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“Payments Data must be processed and stored only in India”,says One97 in support of RBI notification

It further added, “Every payment system, app, and payments platform starting now must be compliant of this regulation.

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“Payments Data must be processed and stored only in India”,says One97 in support of RBI notification

It further added, “Every payment system, app, and payments platform starting now must be compliant of this regulation. No one should be allowed to commercially launch service unless their systems are clearly only and only in India.”

One97 Communications Limited, that operates India’s popular payments gateway with brand name Paytm, strongly believes that payments data of India should be processed and stored only in India. Paytm has always stressed that critical payments data of Indians must not be allowed to go out of the country, not even for processing. We will continue complying with these guidelines in both letter and spirit.

The Indian government has taken a number of steps to provide access to financial services and to promote digital payments among our fellow countrymen. As the payments ecosystem grows, data privacy and security becomes critically important, hence it is prudent to process and store such data only within Indian territory. As a pioneer in digital payments, Paytm believes that these guidelines have come at an opportune time, as the country leapfrogs to the next level of digital inclusion.




"Europe, as well as the US, have strict norms to keep their financial data within their country. Similarly, payments data of our country must also be stored/ processed only in India and no company should be allowed to operate without adhering to this requirement. The regulator has announced a time window of 6 months to adhere to this data storage guideline, and these companies have the technology and resources to easily meet this deadline. If global tech companies want access to the Indian market, they have to abide by the regulations of our country. The data of Indian citizens is their property and no government or regulator can allow such data to be stored outside the country of origin, They cannot treat India as a digital colony." Said, T.V. Mohandas Pai, Former director of Infosys and the Chairman of Manipal Global Education.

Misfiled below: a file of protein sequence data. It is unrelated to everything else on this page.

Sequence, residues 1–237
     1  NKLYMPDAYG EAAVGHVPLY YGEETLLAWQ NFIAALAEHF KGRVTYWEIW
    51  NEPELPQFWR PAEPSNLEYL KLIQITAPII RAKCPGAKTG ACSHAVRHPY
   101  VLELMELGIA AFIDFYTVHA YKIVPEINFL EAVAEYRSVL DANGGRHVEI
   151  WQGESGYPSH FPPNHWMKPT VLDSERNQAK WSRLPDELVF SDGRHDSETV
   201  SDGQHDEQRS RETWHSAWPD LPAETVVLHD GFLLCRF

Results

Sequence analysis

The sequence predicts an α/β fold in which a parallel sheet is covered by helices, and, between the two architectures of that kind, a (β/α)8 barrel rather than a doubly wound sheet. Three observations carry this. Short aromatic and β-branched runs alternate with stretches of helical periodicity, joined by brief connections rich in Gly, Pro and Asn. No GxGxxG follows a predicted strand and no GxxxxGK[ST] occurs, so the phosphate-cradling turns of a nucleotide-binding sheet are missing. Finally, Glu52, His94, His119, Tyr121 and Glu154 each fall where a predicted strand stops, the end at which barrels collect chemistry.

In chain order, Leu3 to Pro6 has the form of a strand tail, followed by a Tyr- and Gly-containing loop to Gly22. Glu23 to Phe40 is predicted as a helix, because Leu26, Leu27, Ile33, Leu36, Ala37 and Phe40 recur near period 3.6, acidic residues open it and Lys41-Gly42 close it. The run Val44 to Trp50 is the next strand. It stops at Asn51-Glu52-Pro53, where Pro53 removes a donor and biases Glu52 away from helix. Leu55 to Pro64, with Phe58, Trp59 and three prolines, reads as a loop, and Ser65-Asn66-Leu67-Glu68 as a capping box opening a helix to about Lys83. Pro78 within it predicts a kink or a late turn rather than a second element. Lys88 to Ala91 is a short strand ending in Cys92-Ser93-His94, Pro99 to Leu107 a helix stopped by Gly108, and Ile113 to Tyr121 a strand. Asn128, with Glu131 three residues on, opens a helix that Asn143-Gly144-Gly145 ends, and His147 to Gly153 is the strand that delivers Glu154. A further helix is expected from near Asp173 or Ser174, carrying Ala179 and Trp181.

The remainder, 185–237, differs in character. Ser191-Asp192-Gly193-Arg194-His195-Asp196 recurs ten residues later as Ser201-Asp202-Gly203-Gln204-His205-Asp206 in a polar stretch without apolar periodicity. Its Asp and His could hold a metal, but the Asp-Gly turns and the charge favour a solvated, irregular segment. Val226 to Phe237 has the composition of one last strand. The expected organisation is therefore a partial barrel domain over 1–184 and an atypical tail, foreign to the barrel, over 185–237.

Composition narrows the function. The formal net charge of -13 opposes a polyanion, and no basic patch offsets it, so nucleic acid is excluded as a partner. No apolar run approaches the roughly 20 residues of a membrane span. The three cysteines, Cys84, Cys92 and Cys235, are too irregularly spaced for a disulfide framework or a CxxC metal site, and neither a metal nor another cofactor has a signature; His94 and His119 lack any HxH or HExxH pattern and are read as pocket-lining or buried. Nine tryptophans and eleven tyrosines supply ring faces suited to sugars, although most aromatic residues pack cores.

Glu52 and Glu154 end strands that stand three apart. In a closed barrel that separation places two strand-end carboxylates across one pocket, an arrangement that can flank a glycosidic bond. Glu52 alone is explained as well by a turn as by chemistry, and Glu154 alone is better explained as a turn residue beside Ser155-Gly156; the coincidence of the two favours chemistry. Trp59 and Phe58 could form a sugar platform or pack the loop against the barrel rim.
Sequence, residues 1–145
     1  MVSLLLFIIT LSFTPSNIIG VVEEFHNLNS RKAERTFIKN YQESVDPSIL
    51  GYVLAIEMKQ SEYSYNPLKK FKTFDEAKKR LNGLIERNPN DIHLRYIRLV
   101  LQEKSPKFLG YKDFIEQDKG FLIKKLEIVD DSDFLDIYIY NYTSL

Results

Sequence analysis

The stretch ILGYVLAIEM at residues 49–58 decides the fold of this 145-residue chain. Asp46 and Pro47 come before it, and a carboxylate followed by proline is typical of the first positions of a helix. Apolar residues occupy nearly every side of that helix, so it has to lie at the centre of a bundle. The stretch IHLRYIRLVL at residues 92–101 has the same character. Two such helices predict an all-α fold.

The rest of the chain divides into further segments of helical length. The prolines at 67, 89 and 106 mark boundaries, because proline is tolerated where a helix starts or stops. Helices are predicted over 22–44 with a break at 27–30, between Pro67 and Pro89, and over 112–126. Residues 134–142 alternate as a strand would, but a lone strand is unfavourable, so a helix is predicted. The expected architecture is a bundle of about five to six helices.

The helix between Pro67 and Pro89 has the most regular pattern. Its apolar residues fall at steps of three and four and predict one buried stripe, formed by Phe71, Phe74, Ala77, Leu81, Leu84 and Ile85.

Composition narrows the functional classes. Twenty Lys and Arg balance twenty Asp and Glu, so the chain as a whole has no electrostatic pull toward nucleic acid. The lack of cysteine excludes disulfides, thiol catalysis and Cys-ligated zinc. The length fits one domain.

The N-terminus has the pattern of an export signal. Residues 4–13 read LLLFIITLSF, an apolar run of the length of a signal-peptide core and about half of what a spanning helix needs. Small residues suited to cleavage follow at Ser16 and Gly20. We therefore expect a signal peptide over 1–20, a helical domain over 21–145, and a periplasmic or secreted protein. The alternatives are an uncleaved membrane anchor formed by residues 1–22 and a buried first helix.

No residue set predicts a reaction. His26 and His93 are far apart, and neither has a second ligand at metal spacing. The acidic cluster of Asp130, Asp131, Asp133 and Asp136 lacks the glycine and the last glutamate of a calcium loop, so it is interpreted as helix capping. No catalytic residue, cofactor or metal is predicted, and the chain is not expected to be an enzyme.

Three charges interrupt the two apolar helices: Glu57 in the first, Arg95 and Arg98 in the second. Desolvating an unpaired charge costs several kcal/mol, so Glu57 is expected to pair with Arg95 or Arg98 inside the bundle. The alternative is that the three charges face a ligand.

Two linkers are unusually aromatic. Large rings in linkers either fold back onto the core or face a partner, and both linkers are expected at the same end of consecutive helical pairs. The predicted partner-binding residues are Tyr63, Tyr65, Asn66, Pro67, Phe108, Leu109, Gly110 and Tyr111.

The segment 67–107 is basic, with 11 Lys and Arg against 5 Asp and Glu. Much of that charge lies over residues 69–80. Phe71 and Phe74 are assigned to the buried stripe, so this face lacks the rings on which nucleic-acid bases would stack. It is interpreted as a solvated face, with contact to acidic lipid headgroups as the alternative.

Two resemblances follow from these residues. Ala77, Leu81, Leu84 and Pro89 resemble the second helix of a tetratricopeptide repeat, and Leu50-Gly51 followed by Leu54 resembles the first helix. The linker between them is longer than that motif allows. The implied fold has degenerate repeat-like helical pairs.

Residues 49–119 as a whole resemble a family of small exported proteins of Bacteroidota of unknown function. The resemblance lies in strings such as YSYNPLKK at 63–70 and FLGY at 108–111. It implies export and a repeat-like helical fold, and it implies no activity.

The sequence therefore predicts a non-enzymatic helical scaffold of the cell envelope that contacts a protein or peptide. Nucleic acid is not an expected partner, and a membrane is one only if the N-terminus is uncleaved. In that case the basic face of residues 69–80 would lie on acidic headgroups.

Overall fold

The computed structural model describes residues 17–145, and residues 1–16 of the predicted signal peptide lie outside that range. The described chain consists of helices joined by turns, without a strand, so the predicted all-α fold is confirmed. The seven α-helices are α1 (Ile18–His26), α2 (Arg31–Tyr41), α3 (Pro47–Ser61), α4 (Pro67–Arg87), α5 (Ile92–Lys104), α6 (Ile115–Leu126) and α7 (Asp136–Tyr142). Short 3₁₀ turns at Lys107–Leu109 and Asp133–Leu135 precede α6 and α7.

Here are the company’s views on the importance of “Processing and Storing Payment System Data Only in India”:

1) Mandatory compliance to these guidelines to start payment operations
We strongly believe that every payment system, app, and payments platform starting now must be compliant of this regulation. No one should be allowed to commercially launch service unless their systems are clearly only and only in India. Data Localization is critical for the security of India’s payment systems. It should be implemented before beginning operations by any entity entering into payments space and not left to be addressed afterward.

2) Compliance by all is necessary for an interconnected and interoperable payments ecosystem
The Payments network is interconnected and interoperable. Breach by any player who is not complying carries potential implications on all other players who have complied with the guidelines. Therefore, it is obligatory on part of all Payment System Operators and participants to ensure compliance to this mandate at the earliest.

3) India has requisite people and technology resources to meet timelines
India is well equipped with the requisite people and technology resources to support this migration within the proposed - 6 months time period. The cost of compliance is minuscule. Adhering to these guidelines will not have any impact on the quality of services as well.